/ Motoring, Parenting

16-year-olds can now legally drive small cars

Aixam GTO

It’s the law – 16-year-olds can now legally drive small cars on UK roads. Or at least they’re allowed to drive ‘light quadricycles’, such as the pictured Aixam GTO. Are you happy to see them taking to the road?

Did you know that 16-year olds can now legally drive a car? Well, almost. A new law that came into force in January allows 16-year-olds to drive a special class of car called light quadricycles.

The new category is for cars weighing less than 350kg with a top speed limited to just 28mph.

A dangerous move?

When I first heard about the new law, I was open to the idea, but here’s what I didn’t know back then: any 16-year old can drive one of these cars after just a half-day compulsory basic training (CBT) test.

Then they’ll be able to drive on UK roads, either solo or with passengers, with no other training or testing required.

Some concerns have been raised about the new law, which include; other road users being impeded by the slow speed; the statistical danger of several young people being in a car; and whether these cars just represent something bigger and more dangerous for youngsters to make mistakes in.

So why am I still in favour?

On reflection, I’m still in favour. Let’s be clear here – 16-year-olds have been driving on our roads for years… on mopeds. The new law gives young adults the right to drive a low-powered four-wheeler, and I’d far rather have my children drive one of these quadricycles than a moped.

There’s a real opportunity here to let young drivers learn roadcraft at an early age, getting them used to roads and other traffic in a low-powered vehicle before they progress to a full-size car aged 17. And for some, this could be a real life-line to education or a job.

We might be unfamiliar with this type of car in the UK, but they’ve been around in other EU countries since the 1970s. In France and Italy they allow drivers as young as 14 to get behind the wheel!

And I somehow doubt that our roads will be overwhelmed with these things, mainly due to the cost. The cheapest new quadricycle in the UK (the Aixam) costs £9,999 and insurance could be more than £2,000 a year.

These 16-year-old drivers will doubtless only be on the road in their quadricycles for a year at most, when they’ll switch to a full-size car as safer and more mature drivers.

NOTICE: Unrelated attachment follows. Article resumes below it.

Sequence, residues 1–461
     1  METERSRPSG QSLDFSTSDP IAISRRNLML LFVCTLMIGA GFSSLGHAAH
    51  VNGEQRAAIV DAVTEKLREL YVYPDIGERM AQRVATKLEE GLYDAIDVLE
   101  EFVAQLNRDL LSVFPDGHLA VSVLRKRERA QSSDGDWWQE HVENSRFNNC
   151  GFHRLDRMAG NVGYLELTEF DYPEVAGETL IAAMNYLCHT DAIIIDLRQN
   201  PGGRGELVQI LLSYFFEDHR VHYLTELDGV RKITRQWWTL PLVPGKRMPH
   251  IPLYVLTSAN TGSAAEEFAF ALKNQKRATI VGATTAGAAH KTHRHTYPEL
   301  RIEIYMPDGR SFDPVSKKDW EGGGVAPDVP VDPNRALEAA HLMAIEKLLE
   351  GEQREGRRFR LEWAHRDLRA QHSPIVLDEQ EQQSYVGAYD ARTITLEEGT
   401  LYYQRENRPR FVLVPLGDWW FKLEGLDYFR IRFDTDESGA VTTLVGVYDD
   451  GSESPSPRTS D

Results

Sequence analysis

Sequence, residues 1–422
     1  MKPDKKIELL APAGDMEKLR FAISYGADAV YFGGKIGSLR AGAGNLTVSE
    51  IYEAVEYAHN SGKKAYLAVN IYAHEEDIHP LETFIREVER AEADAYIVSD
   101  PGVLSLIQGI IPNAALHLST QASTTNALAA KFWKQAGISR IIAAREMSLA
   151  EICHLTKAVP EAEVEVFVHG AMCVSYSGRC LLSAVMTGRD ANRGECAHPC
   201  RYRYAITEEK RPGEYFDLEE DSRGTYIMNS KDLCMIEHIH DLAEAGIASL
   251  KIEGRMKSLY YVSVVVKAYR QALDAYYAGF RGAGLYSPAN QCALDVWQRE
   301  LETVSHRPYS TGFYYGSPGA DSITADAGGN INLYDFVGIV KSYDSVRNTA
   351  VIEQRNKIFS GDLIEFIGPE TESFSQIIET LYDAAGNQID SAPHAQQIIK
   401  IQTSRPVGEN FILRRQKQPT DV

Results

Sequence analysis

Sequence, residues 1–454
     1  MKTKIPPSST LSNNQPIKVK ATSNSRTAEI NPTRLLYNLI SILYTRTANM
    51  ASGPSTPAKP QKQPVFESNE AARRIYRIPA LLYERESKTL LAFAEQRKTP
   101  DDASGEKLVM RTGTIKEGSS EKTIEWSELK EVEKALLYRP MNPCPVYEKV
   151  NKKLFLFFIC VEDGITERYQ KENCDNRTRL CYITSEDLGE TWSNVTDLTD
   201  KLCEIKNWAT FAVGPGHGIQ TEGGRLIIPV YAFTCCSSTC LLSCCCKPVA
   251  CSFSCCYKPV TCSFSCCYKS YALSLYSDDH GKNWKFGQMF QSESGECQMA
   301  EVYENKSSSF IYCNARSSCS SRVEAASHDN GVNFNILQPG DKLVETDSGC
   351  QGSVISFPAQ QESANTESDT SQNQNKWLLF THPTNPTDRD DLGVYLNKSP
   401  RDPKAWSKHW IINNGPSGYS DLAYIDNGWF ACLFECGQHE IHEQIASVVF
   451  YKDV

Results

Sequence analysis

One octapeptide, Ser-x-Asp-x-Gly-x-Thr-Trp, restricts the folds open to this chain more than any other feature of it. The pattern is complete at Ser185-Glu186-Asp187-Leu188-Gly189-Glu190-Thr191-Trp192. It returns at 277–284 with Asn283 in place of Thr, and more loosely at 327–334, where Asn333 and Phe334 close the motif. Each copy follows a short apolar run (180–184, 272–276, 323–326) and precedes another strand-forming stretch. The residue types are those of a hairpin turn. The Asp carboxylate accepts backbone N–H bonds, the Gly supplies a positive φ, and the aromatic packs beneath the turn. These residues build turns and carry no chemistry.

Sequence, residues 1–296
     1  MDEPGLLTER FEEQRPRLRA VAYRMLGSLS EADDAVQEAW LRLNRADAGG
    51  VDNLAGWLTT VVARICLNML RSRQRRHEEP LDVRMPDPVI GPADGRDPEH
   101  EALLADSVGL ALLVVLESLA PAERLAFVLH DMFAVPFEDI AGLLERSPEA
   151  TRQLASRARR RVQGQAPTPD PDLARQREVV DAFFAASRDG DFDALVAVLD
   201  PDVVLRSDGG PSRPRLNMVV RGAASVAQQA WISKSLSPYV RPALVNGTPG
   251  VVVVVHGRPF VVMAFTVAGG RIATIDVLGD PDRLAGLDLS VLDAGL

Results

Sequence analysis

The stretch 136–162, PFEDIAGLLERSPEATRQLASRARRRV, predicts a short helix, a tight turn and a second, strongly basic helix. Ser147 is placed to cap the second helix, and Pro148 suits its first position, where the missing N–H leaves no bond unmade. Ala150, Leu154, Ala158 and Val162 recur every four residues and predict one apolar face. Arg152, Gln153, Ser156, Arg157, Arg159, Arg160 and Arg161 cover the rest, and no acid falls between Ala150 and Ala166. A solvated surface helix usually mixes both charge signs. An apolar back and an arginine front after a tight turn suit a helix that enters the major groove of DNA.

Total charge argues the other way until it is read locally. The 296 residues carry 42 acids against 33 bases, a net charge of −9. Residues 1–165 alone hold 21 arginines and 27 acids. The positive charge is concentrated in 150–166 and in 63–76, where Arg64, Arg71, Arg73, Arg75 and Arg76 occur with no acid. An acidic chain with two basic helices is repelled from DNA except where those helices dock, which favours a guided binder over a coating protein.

Are you happy to see 16-year-olds driving small cars like Renault’s Twizy now that it’s legal for them to do so?


I was riding a motor bike to travel to work at age 16.
It has been well proven that the acident problem is not with age, but is always the first year regardless of what age you start or indeed what you start as.


I presume that driving these things will also appeal to a large number of people over seventeen who are not interested in taking [or capable of passing] a driving test or who cannot afford the insurance for a motor car – or is there some restriction not mentioned in the article? And what are the insurance implications?

Personally I’d rather see people driving these LQ’s on the roads at 28 mph max instead of the mobility scooters [at 8 mph] which seem to be very vulnerable with their tiny wheelbase, little wheels, and lack of protection

richard says:
6 February 2013

In all honesty – I am not happy about it because a great many ‘accidents’ by young people have little to do with the speed but simple poor driving – Ex if driver at 28mph making a mistake hits another car or m/cycle head on going 50 mph – resultant damage the same as hitting a brick wall at 78 mph. The only thing is if both are cars the human damage is probably lower. But I’m not hopeful especially in London..

Steve says:
6 February 2013

As a driver I am not at all happy about these vehicles. I do a lot of local driving for work and I will be forced to overtake them as time is money.


Where there is a 30 mph speed limit the maximum speed of these Quadricycles is about right. Overtaking would be risking a speeding offence.


The article is about 16 year olds driving them.
The problem with the vehicles is the same driven by a 16 year old as it is being driven by a 60 year old, or a 90 year old.

Peter Cobbledick says:
6 May 2016

What in a 30mph area! Thats where these are designed to operate.


As I understand it you can ride a small motorcycle on L plates with no training, but cannot carry a passenger unless they have a licence. Does the same apply to thses vehicles? If not, it should, with an appropriate test.
What always surprises me is how new drivers are launched onto overcrowded roads on their L plates from the start. You would think there would be off-road venues where basic driving skills could be taught before continuing their training in real traffic.

Rebecca says:
7 December 2014

the off road training your on about is what happens in a cbt. They are not technically just “chucked” on the road and with all the new strict requirements to pass any kind of test, I have seen better and safer 16 year olds than I have 30+ year olds who just had to drive around a couple of times and park in their test to get on the road.